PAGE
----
The goal of the competition is to cultivate potential from emerging artists, architecture and design students and other creatives and allow students the space to conceptualize inventive ideas within a set of boundaries, according to the news release.
The competition garners an online repository of art, architecture and design concepts. The goal is to take the competition to an international audience and collaborate with creatives across the globe in the future. It also is the hope to be able to realize and build student design prototypes in the future.
The competition currently is only open to students attending college in the United States but will begin accepting international entries in the coming years once the program is further established nationally.
A call for the next competition challenge will go out this winter. It will be open to individuals, teams and university faculty who wish to take the competition on as a class project.
Prewitt said he has benefited from participating in the competition.
Professionally, he was interviewed by the marketing and public relations departments where he works, Luckett and Farley in Louisville, Kentucky, to discuss his work.
“It has created some buzz in the office, and firm leadership is looking to pursue additional design competitions as a result,” he said. “This project will be a great segue into those experiences.”
Personally, he said he’s excited to search for other design competitions to hopefully build his résumé with other awards.
“These are great ways for designers to design without restrictions like budgets, bureaucratic red tape and the other details associated with built projects,” Prewitt said.
When he started at Ball State, Prewitt said he thought he wanted to become a traditional architect. Once he was in classes and studios that exposed him to various design principles and fields of study, he found himself thinking and designing more like a landscape architect.
When it came time to declare his official major, he chose the landscape architecture program, which would take him five years to earn a professional degree.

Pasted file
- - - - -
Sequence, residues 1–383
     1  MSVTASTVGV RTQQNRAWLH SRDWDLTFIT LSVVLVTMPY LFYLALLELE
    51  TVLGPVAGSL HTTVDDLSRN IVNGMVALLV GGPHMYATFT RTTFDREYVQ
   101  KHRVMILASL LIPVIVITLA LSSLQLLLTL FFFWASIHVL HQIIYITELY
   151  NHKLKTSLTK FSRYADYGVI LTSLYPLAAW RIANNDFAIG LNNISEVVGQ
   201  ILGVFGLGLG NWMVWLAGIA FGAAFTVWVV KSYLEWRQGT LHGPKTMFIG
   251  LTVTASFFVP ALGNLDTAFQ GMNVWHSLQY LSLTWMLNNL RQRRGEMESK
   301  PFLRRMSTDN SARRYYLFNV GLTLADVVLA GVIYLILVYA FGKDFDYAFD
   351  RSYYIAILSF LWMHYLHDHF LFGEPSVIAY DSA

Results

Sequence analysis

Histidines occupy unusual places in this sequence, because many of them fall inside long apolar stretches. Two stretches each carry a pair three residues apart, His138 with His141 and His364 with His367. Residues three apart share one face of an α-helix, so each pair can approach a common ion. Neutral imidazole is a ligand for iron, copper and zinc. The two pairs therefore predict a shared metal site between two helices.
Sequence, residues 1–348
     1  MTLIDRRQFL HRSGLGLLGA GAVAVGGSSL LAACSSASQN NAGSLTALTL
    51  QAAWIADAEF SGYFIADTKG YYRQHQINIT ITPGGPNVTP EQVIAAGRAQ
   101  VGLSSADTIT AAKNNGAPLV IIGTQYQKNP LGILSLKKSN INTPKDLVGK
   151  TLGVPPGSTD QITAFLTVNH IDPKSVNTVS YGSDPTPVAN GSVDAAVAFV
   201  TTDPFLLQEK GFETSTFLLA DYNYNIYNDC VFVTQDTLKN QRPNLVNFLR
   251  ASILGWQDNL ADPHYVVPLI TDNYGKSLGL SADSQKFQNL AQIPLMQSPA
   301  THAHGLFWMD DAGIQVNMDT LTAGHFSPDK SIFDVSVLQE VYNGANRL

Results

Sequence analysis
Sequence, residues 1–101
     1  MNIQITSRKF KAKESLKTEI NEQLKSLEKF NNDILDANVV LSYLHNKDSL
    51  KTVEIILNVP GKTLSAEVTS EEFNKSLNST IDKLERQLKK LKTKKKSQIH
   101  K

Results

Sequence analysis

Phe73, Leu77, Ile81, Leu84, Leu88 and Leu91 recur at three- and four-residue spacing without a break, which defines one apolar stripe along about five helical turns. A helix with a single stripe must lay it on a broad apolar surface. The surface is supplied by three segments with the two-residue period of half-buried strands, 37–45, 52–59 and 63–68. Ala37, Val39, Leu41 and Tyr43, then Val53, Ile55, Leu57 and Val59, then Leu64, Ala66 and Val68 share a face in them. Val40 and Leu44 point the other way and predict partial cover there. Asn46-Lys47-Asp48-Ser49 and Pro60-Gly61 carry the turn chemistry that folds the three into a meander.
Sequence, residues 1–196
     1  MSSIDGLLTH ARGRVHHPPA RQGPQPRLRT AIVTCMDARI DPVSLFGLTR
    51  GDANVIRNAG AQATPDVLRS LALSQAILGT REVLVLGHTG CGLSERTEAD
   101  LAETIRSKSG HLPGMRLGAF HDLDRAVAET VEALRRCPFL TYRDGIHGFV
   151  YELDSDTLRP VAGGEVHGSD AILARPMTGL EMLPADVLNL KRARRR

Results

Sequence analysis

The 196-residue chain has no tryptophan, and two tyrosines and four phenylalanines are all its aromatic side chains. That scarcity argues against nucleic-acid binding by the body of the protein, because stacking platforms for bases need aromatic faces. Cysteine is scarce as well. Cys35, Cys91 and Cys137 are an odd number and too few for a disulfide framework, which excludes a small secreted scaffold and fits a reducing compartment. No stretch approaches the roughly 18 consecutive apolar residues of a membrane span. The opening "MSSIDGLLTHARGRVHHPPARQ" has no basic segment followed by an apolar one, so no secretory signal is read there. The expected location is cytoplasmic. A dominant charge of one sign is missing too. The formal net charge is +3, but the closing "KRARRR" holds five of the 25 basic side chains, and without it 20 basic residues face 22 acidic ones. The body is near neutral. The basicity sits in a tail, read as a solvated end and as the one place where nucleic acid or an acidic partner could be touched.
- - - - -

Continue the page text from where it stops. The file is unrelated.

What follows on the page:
After the cumulative first-year program, Prewitt took another eight semesters of studios, general classes and electives.
“Studios taught design thinking and creativity. I had general classes for technical skills, software use, horticulture and professional development, and electives were specialized courses functioning more like a robust studio,” he said. “These all mimicked design firm environments and set the building blocks for necessary skills in the profession.”
At Ball State, he was enrolled in the R. Wayne Estopinal College of Architecture and Planning and the Honors College.
The latter is a traditional liberal arts school with curriculum in the humanities, philosophy, sociology and politics. Prewitt was part of the Student Honors Council, the college’s student government, and served one term as president in 2020.
In CAP, he served on the editorial board of the college’s design journal, The Glue Publication, and two terms as president of the Student Chapter of the ASLA in 2019 and 2020. The American Society of Landscape Architects is a nationally recognized landscape architecture advocacy group with 50 state chapters and student chapters in schools with accredited landscape architecture programs.
Now, Prewitt is a landscape designer at Luckett and Farley, a multidisciplinary design firm.
He works on parks projects, master plans, graphic design, publishing and research and development. The projects have been as small as a municipal park to as large as replanning a city.
“Like any professional degree, I’ll have to take licensure exams so I can one day be Tanner Prewitt PLA (Professional Landscape Architect),” he said. “Until then, I’m learning all I can so I’m ready for those exams in the next few years.”
Prewitt said he chose landscape architecture because it felt like the only field that still allowed him to be an artist.
While he would consider himself more of a designer than an artist now, he said that creative expression is nearest and dearest to him.
“Students or young people passionate about any of the things mentioned above should seriously consider researching landscape architecture and its related fields. They might find it’s just the right thing for them,” he said. “I never imagined I would be designing on Mars, but that’s the beauty of the design world. It can be out of this world.”